Breachacha Embrace Program 2024

The topic of the residency lies in the combination of artistic, scientific and nutritive practices in order to promote other ways of eating and treating ourselves in a more reciprocal relationship between the human and non-human.

A text by Emanuele Coccia is currently guiding us in the transposition of his theory to the Isle of Coll:

“Redrawing cities from our kitchens: such a proposal may seem extremely trivial and even vulgar. Yet the kitchen is the place where we show that the city is not just a collection of humans. As William Cronon and Carolyn Steele have shown, from the point of view of the kitchen, the city has different boundaries from what we imagine: all the non-humans we usually exclude must be part of it. Without wheat, corn or rice, without apple trees, pigs, cows or lambs, human cities are impossible. It is mainly non-humans who make our cities habitable. It’s time to give each of them citizenship. Freeing the home from patriarchy and architecture also means starting to think that the city is not the home of men. We are used to imagining that since all non-humans have a home away from the city, in ‘wild’ spaces, cities are the legitimate space for human settlement.”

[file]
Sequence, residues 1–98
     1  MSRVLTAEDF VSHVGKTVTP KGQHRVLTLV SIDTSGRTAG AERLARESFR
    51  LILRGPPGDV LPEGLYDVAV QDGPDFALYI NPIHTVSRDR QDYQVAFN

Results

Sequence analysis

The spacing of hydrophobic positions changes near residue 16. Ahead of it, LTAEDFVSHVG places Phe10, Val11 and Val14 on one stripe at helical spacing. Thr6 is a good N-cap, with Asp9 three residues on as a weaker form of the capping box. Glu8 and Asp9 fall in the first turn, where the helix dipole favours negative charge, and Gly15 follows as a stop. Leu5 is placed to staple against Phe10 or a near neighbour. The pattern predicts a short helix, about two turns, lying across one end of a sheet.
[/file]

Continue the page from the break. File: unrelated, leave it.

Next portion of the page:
“We therefore forget that every city is the result of the colonization of a space occupied by other living beings and a consequent genocide that has forced other species (with a few rare exceptions, dogs, cats, mice and certain ornamental plants) to settle elsewhere. A kitchen is, after all, the black hole of our homes, the place where their monastic essence is reversed into spaces of mixing: the boundaries between things and people are suspended and the opposition between humans and non-humans is overturned into a festive fusion. It will always be impossible to be a monk in a kitchen. Seeing the home and the city as great kitchens means overturning the patriarchal relationship into a space of care, not just food. The act of cooking is only the basic form of the act of caring: the form in which it is impossible to separate the care of oneself from that of others. The home is simply the place where you take care of something and someone.” Emanuele Coccia

What does this mean with regard to island life in the Hebrides?


Natalie Taylor, Keepers of the Soil Project, July 2023:
Local resident Barbara Payne in her cottage garden full of organic fruit and vegetables she grows for her family and neighbours, overlooking the Old Breachacha Castle—a growing practice in harmony with the earth.



Romain Cavallin is a freelance photographer. Though his work focuses mainly on industrialised areas, he considers: “The idea of the 2024 Embrace Space project seems very interesting to me, and the wonderful text by Emanuele Coccia gives us a better understanding of the question to be researched. I am starting to think about appropriate ways to deal with this subject in photography.